Note:There is a need to re-visit the recommendations of the first National Commission on Labour (the Gajendragadkar Commission) and factor in The Occupational Health and Safety Bill, 2002, (DRAFT) while finalizing the National Labour Policy besides recommending ratification of the important ILO conventions. The Second National Commission on Labour Report also mentioned the need for law on occupational health and safety. The 17th session of Indian Labour Conference held in 1959 discussed the functions of the works committee and had approved a list of functions which could be assigned to the works committees, "occupational diseases" were part of that list.
The Second National Commission on Labour Report too had endorsed the proposal for a "Commission on Occupational Safety and Health should be set up by the Central and State Governments". It had provided a draft bill for establishment of such a
Commission and a Model Safety and Health Policy for organisations in its report.
Other significant recommendations read:
"In view of the increasing pace of industrialisation, there is an urgent need to strengthen measures for occupational, safety and health in industries. The DGFASLI may be asked to devote special attention to hazardous chemical industry."
"We have recommended the formation of a National Board to bring about necessary coordination amongst various organisations functioning under different Ministries that deal with the area of safety and occupational health."
"Occupational Safety and Health have to be the responsibility and duty of the employer. The employer should make appropriate arrangements for the establishment of OSH Management Systems. The system should contain the main elements of policy, organising, planning implementation, evaluation and means of improvement."
"A competent institution, perhaps on the lines of Occupational Safety and Health
Commission of the USA, should be nominated to formulate, implement and periodically
review a coherent national policy for the establishment and promotion of OSH
Management Systems in organisations."
"The institution charged with the responsibility of formulating and implementing the
national policy on safety and occupational health should establish a national framework to identify and establish the respective functions and responsibilities of the various institutions called upon to aid and implement the national policy."
Occupational Health India
Prevention of silicosis, asbestosis key parts of new labour policy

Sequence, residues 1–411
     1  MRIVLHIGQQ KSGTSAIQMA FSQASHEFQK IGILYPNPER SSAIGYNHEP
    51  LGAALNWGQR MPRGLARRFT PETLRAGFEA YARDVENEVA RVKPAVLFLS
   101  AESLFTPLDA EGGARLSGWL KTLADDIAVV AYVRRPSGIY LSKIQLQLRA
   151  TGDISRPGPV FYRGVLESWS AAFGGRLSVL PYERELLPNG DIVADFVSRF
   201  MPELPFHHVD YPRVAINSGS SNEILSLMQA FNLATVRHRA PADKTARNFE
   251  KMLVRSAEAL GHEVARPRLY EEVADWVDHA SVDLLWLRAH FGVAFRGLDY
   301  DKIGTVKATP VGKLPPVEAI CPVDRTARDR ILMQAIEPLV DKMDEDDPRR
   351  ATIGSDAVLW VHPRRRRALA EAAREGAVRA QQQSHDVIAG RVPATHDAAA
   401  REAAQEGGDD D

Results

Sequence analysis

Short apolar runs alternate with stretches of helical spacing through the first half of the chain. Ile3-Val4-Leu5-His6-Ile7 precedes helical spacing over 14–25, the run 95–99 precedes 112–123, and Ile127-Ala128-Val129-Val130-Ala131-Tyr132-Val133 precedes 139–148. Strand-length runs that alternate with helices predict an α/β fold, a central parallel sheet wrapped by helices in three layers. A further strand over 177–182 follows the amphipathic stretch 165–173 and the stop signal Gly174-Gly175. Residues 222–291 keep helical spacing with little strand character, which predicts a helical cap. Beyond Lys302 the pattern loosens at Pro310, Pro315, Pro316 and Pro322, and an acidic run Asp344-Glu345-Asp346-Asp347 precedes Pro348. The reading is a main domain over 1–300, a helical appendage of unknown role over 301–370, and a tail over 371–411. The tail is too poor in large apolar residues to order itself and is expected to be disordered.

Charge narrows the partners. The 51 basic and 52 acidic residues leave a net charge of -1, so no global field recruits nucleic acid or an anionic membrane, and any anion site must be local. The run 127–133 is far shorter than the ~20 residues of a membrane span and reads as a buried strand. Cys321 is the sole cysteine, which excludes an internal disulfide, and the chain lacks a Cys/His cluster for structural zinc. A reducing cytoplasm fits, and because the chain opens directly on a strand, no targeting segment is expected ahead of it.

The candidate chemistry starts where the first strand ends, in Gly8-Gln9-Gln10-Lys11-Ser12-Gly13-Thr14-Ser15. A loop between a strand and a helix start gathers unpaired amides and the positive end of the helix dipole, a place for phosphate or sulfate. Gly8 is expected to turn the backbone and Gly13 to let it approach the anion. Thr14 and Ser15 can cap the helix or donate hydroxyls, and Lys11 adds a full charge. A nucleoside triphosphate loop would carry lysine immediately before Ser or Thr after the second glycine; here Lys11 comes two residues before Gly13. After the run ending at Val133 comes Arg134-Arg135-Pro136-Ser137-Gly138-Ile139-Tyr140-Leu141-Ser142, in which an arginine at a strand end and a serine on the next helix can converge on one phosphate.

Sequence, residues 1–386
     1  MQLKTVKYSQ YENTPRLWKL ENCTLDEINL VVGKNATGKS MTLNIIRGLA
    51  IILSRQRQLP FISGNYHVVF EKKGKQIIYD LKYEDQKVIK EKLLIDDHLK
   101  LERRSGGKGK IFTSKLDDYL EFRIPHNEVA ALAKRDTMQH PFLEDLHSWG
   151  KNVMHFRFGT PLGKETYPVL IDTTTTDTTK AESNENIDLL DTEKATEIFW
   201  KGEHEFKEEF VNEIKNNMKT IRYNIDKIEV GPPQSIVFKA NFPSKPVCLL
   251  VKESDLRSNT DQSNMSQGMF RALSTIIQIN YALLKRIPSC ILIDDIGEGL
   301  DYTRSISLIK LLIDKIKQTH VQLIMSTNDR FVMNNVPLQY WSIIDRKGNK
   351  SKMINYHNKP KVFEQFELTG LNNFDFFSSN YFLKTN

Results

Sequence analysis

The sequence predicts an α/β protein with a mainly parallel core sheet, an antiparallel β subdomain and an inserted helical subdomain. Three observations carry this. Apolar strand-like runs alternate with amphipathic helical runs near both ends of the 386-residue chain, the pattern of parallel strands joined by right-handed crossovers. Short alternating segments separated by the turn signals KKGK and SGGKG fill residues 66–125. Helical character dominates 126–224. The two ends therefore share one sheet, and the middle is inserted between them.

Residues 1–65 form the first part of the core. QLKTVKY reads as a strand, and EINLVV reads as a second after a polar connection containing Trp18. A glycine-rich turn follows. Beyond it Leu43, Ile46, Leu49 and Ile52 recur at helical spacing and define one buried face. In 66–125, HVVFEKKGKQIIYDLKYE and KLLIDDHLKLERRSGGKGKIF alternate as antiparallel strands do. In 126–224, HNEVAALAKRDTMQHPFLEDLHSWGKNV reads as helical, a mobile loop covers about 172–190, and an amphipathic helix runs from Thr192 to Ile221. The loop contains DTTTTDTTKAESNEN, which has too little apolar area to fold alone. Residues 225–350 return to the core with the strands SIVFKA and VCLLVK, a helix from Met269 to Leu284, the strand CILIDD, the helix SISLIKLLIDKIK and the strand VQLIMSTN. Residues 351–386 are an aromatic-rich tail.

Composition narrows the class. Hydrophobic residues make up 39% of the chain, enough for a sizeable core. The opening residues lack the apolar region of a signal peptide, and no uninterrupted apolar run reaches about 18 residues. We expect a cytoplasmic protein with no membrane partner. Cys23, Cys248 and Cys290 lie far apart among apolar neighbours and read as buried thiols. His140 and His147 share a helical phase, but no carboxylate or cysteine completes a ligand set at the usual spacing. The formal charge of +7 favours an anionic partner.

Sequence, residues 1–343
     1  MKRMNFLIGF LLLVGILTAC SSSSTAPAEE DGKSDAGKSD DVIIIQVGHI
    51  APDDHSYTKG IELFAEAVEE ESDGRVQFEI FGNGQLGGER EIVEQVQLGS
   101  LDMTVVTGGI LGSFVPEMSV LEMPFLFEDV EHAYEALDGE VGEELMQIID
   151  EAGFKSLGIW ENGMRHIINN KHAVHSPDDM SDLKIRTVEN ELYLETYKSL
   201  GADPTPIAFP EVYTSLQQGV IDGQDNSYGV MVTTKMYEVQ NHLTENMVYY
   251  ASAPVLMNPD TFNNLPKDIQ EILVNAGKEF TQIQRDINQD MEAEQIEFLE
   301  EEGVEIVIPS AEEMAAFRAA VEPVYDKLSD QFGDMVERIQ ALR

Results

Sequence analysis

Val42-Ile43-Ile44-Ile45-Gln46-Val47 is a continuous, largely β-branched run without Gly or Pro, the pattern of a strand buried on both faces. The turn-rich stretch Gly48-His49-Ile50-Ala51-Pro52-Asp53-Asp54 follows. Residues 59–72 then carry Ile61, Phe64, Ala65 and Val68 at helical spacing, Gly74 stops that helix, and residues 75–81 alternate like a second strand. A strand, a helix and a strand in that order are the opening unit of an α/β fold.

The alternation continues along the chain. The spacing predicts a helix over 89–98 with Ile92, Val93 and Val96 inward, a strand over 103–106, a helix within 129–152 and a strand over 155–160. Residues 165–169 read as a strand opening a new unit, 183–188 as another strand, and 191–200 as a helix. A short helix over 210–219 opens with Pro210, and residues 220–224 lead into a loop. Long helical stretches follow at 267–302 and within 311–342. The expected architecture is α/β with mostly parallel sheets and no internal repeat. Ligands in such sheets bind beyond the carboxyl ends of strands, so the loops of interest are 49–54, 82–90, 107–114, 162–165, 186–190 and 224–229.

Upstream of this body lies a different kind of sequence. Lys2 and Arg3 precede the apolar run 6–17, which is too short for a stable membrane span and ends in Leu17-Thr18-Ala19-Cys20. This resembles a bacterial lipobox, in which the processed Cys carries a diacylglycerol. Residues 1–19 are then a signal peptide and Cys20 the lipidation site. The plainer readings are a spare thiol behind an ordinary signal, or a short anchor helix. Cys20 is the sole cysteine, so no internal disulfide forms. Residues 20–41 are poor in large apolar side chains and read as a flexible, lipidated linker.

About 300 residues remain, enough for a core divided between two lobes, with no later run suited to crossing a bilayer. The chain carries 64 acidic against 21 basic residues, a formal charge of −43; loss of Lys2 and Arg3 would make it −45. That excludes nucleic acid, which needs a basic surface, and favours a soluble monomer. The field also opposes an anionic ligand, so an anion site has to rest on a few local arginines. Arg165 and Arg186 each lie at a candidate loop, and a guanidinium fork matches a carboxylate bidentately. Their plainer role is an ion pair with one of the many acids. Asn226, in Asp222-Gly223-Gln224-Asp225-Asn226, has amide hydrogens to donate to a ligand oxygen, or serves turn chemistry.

Provisions for prevention of such serious ailments as silicosis and asbestosis are going to become important parts of the new National Labour Policy.
The Factory Chief Inspectors, who have assembled in the State capital for thrashing out solutions to serious problems faced by labourers, have presented their recommendation to this effect. Prevention of silicosis among labourers of slate pencil industry in Mandsaur district of Madhya Pradesh is a crying need and the recommendation will pave the way for its inclusion in the National Labour Policy. The first discussion session of the three-day conference of Chief Factory Inspectors was focused mainly on health concerns of labourers.
Special attention is being given to prevention of industry-generated diseases in the National Labour Policy-2009, which is going to be amended and re-implemented soon. The Factory Chief Inspectors apart from cure of such diseases also laid greater emphasis on their prevention. Provisions for prevention of such diseases will be implemented uniformly in the entire country after identification of diseases and seeking views of scientists and experts.
The demand for major changes in the Labour Act 1948 has gained ground in view of speedy industrialisation with latest techniques under the present scenario. The participants came out with various suggestions for giving more teeth to the laws concerning labourers’ health security.
The Factory Chief Inspectors registered their opposition to different rules under Act prevalent in different States. They argued that they face several difficulties in implementing different provisions under the Labour Act 1848 since the employers of one State quote the provisions prevalent in one State when they start industry in another State. For removing this hurdle, the Factory Chief Inspectors suggested to bring about uniformity of these rules in all the States. They also cited various difficulties in detail about implementation of some rules and suggested to make them practicable.
Over 50 Factory Chief Inspectors and higher officials of the Union and Madhya Pradesh Governments are meeting in the city during a three-day conference for undertaking an exercise to amend National Labour Policy. Tuesday was the second day of the conference.
Objections raised over draft labour policy
PUNE: The Centre for the Study of Social Exclusion and Inclusive Policy (CSSEIP) of the Gokhale Institute of Politics and Economics (GIPE) has registered objections to the draft labour policy of the state government, saying that it has certain lacunae like ignoring of unrecognised and non-industrial sectors in the draft.
The GIPE and the National Centre for Advocacy Studies (NCAS) recently submitted their objections to the state labour ministry.
The objections are an outcome of a public consultation held at the GIPE in the presence of various experts and were submitted to the government by GIPE director Rajas Parchure, CSSEIP reader Prashant Bansode and NCAS executive director Sehjo Singh. Other objections raised are the non-compliance with the national commissions and policies on labour and undue importance given to contract labourers despite the presence of temporary labour laws.
Swati Shinde Gole
TOI, March 19, 2011
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